People pay attention to your life outside the environment in which they have direct contact with you. For example, your employer would be interested in the activities that gives you a good work-life balance, just as academic institutions are interested in your extra-curricular activities. Volunteering reflects and supports a complete picture of you, and gives real examples of your commitment, dedication and interests. Show people what you are passionate about and maybe you will inspire them too!
Getting the most out of volunteering
You’re donating your valuable time, so it’s important that you enjoy and benefit from your volunteering. To make sure that your volunteer position is a good fit:
- Ask questions. You want to make sure that the experience is right for your skills, your goals, and the time you want to spend. Sample questions to your volunteer coordinator might address your time commitment, if there’s any training involved, who you will be working with, and what to do if you have questions during your experience.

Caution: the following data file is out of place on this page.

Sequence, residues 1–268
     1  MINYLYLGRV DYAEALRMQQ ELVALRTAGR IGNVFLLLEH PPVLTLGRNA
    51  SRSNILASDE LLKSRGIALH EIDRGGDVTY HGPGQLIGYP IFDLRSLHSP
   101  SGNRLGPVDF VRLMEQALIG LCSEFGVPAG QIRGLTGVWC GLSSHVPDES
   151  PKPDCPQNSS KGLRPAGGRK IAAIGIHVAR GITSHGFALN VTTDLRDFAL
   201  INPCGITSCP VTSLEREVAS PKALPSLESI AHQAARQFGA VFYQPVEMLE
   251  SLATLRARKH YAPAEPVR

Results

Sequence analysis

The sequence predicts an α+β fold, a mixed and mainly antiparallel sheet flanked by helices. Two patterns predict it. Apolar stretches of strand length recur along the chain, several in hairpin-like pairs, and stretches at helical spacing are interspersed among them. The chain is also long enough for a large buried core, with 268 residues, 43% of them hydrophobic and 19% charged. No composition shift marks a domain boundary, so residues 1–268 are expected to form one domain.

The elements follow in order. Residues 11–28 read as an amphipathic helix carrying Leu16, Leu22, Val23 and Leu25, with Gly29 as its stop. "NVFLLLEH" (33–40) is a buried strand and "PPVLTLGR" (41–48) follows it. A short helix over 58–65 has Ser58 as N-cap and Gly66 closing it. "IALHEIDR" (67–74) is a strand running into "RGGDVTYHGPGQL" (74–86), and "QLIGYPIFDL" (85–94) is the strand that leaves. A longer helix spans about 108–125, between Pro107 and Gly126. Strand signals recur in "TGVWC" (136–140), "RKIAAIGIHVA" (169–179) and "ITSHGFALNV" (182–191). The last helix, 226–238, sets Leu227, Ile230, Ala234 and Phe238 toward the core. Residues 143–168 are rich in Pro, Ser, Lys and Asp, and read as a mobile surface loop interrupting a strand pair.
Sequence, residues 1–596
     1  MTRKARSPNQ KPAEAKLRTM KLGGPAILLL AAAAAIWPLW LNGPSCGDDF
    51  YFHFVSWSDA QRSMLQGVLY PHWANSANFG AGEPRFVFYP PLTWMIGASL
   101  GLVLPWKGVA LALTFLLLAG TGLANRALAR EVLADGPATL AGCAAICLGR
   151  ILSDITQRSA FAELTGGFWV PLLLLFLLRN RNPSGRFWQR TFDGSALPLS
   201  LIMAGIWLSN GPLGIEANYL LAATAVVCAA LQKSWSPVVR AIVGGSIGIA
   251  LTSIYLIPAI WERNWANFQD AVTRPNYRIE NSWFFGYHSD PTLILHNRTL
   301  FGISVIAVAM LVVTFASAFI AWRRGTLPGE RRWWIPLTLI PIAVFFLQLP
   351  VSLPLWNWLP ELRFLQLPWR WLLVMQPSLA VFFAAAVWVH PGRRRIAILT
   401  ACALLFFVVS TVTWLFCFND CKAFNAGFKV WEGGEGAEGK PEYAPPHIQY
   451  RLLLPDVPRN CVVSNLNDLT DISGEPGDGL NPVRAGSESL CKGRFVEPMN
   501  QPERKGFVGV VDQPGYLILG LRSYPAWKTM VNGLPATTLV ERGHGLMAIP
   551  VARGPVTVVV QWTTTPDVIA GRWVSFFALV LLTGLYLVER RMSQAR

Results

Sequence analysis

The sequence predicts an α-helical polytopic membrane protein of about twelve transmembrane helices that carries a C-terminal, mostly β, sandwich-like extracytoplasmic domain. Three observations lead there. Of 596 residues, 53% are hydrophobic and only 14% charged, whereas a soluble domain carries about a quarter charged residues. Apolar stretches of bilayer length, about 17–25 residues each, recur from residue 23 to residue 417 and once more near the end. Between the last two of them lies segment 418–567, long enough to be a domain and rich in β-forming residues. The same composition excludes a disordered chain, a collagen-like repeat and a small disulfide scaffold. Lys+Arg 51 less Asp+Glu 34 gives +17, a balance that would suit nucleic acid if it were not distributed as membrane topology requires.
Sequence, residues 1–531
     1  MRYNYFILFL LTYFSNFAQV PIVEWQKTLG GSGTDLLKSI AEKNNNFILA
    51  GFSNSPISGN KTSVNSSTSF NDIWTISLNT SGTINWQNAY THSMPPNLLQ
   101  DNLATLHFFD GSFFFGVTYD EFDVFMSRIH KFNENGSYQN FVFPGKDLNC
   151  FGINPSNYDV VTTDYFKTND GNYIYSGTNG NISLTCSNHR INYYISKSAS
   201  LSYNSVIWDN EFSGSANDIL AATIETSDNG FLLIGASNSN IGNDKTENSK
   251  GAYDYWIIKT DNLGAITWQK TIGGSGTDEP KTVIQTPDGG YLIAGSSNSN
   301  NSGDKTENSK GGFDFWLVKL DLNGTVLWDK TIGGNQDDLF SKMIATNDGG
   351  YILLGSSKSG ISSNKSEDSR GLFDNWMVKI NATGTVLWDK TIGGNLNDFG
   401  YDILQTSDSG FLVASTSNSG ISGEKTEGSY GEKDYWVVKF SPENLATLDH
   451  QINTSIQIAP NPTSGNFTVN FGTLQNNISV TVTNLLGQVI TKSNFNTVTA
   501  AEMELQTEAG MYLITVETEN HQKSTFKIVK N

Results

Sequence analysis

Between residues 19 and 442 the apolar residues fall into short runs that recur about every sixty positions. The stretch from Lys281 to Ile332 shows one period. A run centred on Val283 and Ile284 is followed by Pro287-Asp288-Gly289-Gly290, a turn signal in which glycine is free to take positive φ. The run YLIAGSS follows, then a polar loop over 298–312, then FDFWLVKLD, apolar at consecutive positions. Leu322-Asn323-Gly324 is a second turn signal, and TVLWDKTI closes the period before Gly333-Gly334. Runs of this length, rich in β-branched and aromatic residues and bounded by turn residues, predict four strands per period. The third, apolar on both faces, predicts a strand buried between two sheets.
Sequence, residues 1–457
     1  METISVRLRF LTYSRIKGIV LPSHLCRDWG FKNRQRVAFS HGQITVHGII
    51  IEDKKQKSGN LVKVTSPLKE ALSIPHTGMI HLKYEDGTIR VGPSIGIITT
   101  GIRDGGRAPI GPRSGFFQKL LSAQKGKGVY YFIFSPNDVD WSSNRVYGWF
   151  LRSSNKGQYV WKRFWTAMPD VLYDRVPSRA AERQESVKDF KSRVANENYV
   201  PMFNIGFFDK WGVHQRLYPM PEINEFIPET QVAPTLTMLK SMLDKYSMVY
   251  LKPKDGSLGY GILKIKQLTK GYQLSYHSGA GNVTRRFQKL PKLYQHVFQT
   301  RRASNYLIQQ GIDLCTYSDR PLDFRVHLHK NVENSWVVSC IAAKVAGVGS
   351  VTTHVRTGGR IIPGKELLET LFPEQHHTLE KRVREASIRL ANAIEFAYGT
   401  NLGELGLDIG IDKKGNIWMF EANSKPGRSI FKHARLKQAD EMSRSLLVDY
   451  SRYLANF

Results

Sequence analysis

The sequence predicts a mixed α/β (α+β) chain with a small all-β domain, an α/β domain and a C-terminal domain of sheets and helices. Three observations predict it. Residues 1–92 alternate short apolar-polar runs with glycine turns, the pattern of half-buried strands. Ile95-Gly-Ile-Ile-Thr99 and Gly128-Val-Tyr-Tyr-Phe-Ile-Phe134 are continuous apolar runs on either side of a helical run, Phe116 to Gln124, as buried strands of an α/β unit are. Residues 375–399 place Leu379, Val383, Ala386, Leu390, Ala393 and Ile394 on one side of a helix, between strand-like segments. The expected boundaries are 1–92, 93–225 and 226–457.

- Make sure you know what’s expected. You should be comfortable with the organization and understand the time commitment. Consider starting small so that you don’t over commit yourself at first. Give yourself some flexibility to change your focus if needed.
- Don’t be afraid to make a change. Don’t force yourself into a bad fit or feel compelled to stick with a volunteer role you dislike. Talk to the organization about changing your focus or look for a different organization that’s a better fit.
- If volunteering overseas, choose carefully. Some volunteer programs abroad can cause more harm than good if they take much-needed paying jobs away from local workers. Look for volunteer opportunities with reputable organizations.
- Enjoy yourself. The best volunteer experiences benefit both the volunteer and the organization. If you’re not enjoying yourself, ask yourself why. Is it the tasks you’re performing? The people you’re working with? Or are you uncomfortable simply because the situation is new and familiar? Pinpointing what’s bothering you can help you decide how to proceed.
How can you get involved?
On The Corner has a variety of opportunities . If interested in meeting the team and having a look around then please get in touch.
You can have a look at our get involved section on our website or contact Ronan to get more information:
Mobile: 07851 462789